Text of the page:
Books And More

America’s Untold Story

TFK talks with author Laurie Halse Anderson about the final novel in her Seeds of America Trilogy, Ashes

October 18, 2016
COURTESY LAURIE HALSE ANDERSON; NATAKI HEWLING FOR TIME FOR KIDS

Ashes is the final novel in Laurie Halse Anderson’s Seeds of America Trilogy.

Laurie Halse Anderson brings her acclaimed Seeds of America Trilogy to a conclusion in her latest book, Ashes. Following Chains and Forge, Ashes takes readers back to colonial-era America. Runaway slaves Isabel and Curzon are desperately seeking for Isabel’s little sister, Ruth, who was stolen and taken to the South. The Revolutionary War is raging all around and bounty hunters are hot on their trail. The stirring tale confronts readers with a question: Would you risk everything to be free?

Laurie Halse Anderson has won many awards for her books, including the Scott O’Dell award for historical fiction. Chains was a finalist for the National Book Award. Anderson talked to TFK about her new book and her experiences as a writer.

TIME FOR KIDS:

What inspired you to write about the colonial era?

LAURIE HALSE ANDERSON:

I found out that Benjamin Franklin had been a slave owner, which nobody told me when I was a kid. And I found out the extent of slavery in the north as well as the south. I realized that our American leadership was fighting for the colonies’ freedom, but they weren’t talking about freedom for all Americans. To be honest, that broke my heart. I started reading about this topic, and then I decided that it was time to write about it.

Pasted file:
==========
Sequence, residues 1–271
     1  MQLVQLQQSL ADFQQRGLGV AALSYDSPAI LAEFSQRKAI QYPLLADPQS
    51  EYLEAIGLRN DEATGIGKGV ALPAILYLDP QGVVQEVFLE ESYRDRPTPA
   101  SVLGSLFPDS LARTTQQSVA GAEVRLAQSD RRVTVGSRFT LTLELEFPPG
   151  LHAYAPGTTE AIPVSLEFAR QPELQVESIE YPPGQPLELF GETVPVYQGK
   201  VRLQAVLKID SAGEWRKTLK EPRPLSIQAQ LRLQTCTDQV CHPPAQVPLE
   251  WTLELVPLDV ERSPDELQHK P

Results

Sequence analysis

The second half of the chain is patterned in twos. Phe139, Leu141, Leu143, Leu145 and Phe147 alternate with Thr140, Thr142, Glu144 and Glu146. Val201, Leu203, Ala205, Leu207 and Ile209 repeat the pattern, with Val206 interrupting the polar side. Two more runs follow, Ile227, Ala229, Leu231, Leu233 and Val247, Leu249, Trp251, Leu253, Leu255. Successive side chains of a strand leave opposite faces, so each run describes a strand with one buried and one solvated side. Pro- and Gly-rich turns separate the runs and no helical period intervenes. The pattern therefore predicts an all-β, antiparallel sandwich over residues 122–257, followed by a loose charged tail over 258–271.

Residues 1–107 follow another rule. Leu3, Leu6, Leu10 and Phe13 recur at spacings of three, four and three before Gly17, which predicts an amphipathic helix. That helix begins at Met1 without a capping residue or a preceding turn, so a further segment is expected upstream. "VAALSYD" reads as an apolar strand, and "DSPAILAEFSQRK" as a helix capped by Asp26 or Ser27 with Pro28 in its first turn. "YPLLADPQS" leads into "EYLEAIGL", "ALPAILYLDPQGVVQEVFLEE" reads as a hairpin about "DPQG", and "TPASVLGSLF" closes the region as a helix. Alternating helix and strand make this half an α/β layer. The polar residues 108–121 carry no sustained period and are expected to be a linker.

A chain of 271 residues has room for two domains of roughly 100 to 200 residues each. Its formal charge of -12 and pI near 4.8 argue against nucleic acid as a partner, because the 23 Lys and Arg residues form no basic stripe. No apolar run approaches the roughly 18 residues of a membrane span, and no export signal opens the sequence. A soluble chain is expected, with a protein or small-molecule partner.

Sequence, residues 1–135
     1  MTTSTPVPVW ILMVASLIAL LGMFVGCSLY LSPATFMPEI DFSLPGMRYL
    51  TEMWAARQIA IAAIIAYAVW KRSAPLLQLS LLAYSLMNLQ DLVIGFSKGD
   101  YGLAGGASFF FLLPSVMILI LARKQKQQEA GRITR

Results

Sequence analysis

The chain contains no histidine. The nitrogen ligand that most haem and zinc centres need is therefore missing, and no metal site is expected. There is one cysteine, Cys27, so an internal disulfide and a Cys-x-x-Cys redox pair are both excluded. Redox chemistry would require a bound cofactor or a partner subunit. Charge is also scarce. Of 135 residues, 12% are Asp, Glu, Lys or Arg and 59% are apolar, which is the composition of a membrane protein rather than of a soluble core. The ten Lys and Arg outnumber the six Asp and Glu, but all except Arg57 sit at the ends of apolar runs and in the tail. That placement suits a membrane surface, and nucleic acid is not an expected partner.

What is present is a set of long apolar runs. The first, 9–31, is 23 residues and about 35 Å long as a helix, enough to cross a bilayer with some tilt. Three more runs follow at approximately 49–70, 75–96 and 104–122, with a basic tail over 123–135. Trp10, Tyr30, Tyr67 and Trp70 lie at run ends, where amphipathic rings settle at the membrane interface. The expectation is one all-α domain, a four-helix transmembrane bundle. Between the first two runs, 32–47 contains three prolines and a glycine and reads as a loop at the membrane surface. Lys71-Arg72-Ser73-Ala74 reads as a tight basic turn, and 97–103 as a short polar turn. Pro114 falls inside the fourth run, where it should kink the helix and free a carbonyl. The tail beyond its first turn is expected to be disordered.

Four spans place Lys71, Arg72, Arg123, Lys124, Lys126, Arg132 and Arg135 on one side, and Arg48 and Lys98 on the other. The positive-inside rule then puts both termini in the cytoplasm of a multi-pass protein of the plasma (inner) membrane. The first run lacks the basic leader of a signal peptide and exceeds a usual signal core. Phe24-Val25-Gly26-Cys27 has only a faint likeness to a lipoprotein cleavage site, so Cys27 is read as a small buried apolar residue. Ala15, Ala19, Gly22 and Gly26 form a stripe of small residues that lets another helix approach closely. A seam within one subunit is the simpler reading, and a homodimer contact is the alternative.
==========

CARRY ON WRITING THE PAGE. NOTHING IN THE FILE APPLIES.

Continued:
Author Laurie Halse Anderson poses with Kid Reporter Robert Gardner.
COURTESY THE GARDNER GAMILY
Author Laurie Halse Anderson poses with Kid Reporter Robert Gardner.

TFK:

Why is it important to understand the untold history explored in your books?

ANDERSON:

I think that slavery is the American original sin. White people and good-hearted people don’t want to talk about it because it makes them feel awkward. Part of that is because we don’t talk about it in school. We tend to look at slavery through the lens of the Civil War, which comes eighty years after the American Revolution. That allows people to say, “Oh, slavery was bad. But we fought that war!” That gives such a skewed picture.

There still is racial injustice that can be traced all the way back to the American Revolution. The interesting thing is that black men and boys fought in the Revolution for the Patriots, right alongside their white brothers. About ten percent of the American army was black men when it left Valley Forge. By the end of the war, about twenty percent of the army was men of color. Seeing those men make those sacrifices is what led to the abolition of slavery. Those were heroes!

We should be lifting these people up and celebrating them! If we did that, we’d have a better understanding of how we got to where we are today.

TFK:

Why are novels effective in teaching about history?

ANDERSON: